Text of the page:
The most groundbreaking, transformative research results deserve a broad readership and a large audience. Therefore, scientists submit their best work to the journals with the largest audience. While the number of scientists has been growing exponentially over the last decades, the number of journals with a large audience has not kept up, neither has the number of articles published per journal. Consequently, rejection rates at the most prestigious journals has fallen below 10% and the labor of rejecting submissions has become these journals’ largest cost item. Assuming that this exclusivity allows the journals to separate the wheat from the chaff, successful publication in these journals is treated as a quality signal in hiring, promotion and funding decisions. If anything, these developments have fueled the circularity of this relationship: today, publishing ground-breaking science in a high ranking journals is not only important for science to advance but also for an author’s career to advance. Even before science became hypercompetitive at every level, now and again results published in prestigious journals were later found to be false. This is the nature of science. Science is difficult, complicated and perpetually preliminary. Science is self-correcting and better experimentation will continue to advance science to the detriment of previous experiments. Today, however, fierce competition exacerbates this trait and renders it a massive problem for scholarly journals. Now it has become their task to find the ground-breaking among the too-good-to-be-true data, submitted by desperate scientists, who face unemployment and/or laboratory closure without the next high-profile publication. This is a monumental task, given that sometimes it takes decades to find that one or the other result rests on flimsy grounds. How is our hierarchy of more than 30,000 journals holding up?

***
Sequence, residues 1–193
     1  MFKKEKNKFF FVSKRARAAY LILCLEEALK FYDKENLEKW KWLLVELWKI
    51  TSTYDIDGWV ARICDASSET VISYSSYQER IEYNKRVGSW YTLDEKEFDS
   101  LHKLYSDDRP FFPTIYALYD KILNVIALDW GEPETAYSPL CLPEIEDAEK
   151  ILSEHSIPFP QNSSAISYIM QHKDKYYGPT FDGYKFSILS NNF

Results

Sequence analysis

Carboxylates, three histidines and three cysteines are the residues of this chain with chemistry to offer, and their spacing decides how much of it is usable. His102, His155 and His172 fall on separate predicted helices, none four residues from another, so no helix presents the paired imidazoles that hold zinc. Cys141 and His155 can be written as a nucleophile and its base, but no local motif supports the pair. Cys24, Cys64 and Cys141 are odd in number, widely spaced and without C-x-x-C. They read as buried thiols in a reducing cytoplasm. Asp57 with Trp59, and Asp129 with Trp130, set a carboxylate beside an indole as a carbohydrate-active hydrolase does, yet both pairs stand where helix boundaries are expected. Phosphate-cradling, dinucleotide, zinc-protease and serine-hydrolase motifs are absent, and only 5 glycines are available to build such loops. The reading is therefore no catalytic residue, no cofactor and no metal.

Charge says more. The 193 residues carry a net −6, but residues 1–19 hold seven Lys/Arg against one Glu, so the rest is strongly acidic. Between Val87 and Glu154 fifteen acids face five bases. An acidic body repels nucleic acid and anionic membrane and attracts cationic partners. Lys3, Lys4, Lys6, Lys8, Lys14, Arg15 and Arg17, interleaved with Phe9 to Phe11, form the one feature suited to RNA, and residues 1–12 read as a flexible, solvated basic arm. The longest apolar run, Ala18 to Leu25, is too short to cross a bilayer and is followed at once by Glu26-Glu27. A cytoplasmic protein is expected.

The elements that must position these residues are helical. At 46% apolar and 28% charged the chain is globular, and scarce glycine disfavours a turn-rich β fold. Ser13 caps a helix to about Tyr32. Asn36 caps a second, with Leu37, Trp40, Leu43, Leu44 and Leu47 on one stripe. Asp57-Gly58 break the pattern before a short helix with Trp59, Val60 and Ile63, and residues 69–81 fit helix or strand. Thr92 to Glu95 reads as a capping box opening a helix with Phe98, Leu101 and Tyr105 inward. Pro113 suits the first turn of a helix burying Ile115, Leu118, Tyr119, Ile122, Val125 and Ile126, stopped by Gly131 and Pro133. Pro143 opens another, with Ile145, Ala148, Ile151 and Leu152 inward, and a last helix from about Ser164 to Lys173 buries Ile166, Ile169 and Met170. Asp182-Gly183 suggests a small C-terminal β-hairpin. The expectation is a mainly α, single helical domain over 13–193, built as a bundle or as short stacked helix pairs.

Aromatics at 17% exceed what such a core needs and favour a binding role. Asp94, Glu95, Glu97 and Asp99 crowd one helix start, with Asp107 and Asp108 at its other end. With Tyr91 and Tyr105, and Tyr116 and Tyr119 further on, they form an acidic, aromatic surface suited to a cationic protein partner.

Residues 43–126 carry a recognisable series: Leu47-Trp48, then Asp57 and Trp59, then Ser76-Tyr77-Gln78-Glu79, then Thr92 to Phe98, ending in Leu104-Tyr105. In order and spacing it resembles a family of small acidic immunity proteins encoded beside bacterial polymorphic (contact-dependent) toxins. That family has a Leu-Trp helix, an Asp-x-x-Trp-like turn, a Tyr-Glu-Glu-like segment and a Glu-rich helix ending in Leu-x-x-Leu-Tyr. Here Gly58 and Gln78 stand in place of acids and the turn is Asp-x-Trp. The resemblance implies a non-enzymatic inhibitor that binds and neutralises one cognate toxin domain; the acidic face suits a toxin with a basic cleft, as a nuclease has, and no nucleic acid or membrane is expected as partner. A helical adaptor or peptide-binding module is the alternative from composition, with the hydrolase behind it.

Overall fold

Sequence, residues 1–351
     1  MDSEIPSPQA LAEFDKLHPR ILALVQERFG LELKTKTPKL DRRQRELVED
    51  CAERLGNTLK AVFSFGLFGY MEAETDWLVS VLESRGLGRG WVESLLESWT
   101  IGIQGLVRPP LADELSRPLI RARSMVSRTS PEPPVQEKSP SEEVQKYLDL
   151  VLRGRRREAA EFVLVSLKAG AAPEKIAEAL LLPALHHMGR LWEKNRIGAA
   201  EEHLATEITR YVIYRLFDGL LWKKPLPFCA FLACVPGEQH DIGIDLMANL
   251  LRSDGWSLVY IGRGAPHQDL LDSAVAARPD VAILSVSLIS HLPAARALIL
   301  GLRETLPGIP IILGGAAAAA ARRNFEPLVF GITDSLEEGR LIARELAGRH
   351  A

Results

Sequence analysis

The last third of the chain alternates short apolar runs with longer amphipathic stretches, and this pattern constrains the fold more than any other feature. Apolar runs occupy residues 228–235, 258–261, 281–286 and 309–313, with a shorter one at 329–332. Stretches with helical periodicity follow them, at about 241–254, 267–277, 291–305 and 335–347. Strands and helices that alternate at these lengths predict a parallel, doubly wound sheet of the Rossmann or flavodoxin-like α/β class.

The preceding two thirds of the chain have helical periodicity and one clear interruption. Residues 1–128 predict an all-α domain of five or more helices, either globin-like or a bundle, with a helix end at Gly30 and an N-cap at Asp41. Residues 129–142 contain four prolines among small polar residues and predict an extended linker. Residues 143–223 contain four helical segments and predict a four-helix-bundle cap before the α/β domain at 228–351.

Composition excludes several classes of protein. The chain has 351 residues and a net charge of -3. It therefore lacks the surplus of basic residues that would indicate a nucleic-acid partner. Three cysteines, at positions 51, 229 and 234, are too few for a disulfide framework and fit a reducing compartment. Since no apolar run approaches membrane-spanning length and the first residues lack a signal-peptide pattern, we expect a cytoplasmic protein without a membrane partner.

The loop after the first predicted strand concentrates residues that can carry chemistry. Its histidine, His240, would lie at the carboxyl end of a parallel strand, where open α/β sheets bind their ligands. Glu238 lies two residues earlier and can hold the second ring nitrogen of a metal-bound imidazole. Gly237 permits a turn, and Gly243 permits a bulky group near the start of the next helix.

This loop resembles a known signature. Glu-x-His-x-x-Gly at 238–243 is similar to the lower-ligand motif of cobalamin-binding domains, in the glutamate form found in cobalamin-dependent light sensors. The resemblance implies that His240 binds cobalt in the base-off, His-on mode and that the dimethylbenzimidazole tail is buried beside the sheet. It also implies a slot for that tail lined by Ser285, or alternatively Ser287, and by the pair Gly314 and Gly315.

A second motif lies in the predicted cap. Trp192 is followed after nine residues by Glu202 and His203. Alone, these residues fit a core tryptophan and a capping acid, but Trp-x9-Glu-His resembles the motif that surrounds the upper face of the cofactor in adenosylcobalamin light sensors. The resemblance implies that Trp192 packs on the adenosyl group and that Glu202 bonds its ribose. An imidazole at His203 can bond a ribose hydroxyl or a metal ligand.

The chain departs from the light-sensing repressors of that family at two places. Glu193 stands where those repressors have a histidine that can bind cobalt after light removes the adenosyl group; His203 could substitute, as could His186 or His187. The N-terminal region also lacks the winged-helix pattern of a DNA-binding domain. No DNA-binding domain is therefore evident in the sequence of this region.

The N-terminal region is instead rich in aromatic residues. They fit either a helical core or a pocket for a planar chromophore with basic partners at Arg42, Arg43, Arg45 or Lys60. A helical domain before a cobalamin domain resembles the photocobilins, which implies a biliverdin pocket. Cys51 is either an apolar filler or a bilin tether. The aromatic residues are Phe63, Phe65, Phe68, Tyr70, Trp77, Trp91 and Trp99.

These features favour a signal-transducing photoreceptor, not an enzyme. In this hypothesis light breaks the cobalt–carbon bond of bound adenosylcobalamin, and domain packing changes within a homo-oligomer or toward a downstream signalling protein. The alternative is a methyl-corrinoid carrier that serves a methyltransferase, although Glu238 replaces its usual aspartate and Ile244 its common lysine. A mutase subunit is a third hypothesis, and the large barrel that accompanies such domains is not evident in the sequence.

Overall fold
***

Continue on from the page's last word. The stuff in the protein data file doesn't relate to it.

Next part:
At first glance, it appears as if our journals fail miserably. Evaluating retractions, the capital punishment for articles found to be irreproducible, it was found that the most prestigious journals boast the largest number (Fang and Casadevall, 2011) and that most of these retractions are due to fraud (Fang et al., 2012). However, data on retractions suffer from two major flaws which make them rather useless for answering questions about the contribution of journals to the reliability (or lack thereof) of our scholarly literature: (1) retractions cover only about 0.05% of the literature; and (2) they are confounded by error-detection variables that are hard to trace. So may be our journals are not doing so horribly after all?